Backing Up Azure Firewall

In this post, I will outline how you can back up your Azure Firewall, enabling you to rebuild it in case it is accidentally/maliciously deleted or re-configured by an authorized person.

With the Azure Firewall adding new features, we should expect more customers to start using it. And if you are using it like I do with my customers, it’s the centre of everything and it can quickly contain a lot of collections/rules which took a long time to write.

Wait – what new features? Obviously, Threat Detection (using the MS security graph) is killer, but support for up to 100 public IP addresses was announced and is imminent, availability zones are there now for this mission critical service, application rule FQDN support was added for SQL databases, and HD Insight tags are in preview.

So back on topic: how do I backup Azure Firewall? It’s actually pretty simple. You will need to retrieve your firewall’s resource ID:

$AzureFirewallId = (Get-AzFirewall -Name "MyFirewall" -ResourceGroupName "MyVnetRg").id

Then you will export a JSON copy of the firewall:

$BackupFileName = ".\MyFirewallBackup.json"
Export-AzResourceGroup -ResourceGroupName "MyVnetRg" -Resource $AzureFirewallId -SkipAllParameterization -Path $BackupFileName

And that’s the guts of it! To do a restore you simply redeploy the JSON file to the resource group:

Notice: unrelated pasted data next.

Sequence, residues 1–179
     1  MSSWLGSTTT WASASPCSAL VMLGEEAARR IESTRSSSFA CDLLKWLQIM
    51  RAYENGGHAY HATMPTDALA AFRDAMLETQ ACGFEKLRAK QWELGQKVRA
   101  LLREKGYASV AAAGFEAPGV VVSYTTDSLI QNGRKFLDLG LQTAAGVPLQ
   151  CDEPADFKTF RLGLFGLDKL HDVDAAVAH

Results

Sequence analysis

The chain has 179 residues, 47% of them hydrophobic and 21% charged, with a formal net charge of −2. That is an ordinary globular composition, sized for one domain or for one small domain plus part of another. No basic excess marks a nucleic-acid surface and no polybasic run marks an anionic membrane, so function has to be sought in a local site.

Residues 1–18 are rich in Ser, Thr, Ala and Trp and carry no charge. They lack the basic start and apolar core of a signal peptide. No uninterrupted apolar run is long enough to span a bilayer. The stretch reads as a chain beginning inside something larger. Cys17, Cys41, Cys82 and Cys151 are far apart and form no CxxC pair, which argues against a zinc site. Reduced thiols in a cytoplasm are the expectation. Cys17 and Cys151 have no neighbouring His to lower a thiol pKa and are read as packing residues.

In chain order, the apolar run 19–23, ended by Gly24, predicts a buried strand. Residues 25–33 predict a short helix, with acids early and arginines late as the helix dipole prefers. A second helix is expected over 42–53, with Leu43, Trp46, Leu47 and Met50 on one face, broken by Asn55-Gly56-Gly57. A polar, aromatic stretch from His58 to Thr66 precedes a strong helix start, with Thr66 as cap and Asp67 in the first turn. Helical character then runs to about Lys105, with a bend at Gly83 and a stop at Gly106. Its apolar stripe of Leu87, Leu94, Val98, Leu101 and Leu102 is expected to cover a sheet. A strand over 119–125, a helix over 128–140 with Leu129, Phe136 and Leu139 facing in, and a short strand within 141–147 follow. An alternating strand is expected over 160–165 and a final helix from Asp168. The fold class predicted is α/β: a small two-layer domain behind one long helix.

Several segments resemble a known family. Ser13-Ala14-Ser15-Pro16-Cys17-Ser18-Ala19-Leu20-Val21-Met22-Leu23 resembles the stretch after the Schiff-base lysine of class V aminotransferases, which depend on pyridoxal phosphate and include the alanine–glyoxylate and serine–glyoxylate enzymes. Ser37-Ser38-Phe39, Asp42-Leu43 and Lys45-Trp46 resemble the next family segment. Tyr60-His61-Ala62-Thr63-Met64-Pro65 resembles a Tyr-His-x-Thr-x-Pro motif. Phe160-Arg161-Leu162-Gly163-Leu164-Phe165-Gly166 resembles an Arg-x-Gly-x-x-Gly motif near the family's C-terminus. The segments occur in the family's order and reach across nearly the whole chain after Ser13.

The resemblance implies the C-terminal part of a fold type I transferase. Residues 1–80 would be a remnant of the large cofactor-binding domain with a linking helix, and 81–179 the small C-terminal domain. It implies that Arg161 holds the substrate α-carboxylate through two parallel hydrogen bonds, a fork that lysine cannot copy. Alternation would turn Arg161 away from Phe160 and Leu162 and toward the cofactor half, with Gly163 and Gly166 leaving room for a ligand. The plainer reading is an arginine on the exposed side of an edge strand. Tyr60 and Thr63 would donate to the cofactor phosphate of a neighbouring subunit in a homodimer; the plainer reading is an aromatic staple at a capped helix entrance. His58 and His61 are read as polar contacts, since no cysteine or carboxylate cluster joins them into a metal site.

New-AzResourceGroupDeployment -name "FirewallRestoreJob" -ResourceGroupName "MyVnetRg" -TemplateFile ".\MyFirewallBackup.json"

I’ve tested a delete and restore and it works. The magic here is using -SkipAllParameterization in the resource export to make the JSON file recreate exactly what was lost at the time of the backup/export.

If you wanted to get clever you could wrap up the backup cmdlets in an Azure Automation script. Add some lines to copy the alter the backup file name (date/time), and copy the backup to blob storage in a GPv2 storage account (with Lifecycle Management for automatic blob tiering and a protection policy to prevent deletion). And then you would schedule to the automation to run every day.

Why Choose the Azure Firewall over a Virtual Firewall Appliance?

In this post, I will explain why you should choose Azure Firewall over third-party firewall network virtual appliances (NVAs) from the likes of Cisco, Palo Alto, Check Point, and so on.

Microsoft’s Opinion

Microsoft has a partner-friendly line on Azure Firewall versus third-parties. Microsoft says that third-party solutions offer more than Azure Firewall. If you want you can use them side-by-side.

Now that’s out of the way, let me be blunt … like I’d be anything else! 😊

The NVA Promise

At their base, a firewall blocks or allows TCP/UDP/etc and does NAT. Some firewalls offer a “security bundle” of extra features such as:

  • Malware scanning based on network patterns
  • Download scanning, including zero-days (detonation chamber)
  • Browser URL logging & filtering

But those cool things either make no sense in Azure or are just not available from the NVA vendors in their cloud appliances. So what you are left with is central logging and filtering.

Documentation

With the exception of Palo Alto (their whitepaper for Azure is very good – not perfect) and maybe Check Point, the vendors have pretty awful documentation. I’ve been reading a certain data centre mainstay’s documents this week and they are incomplete and rubbish.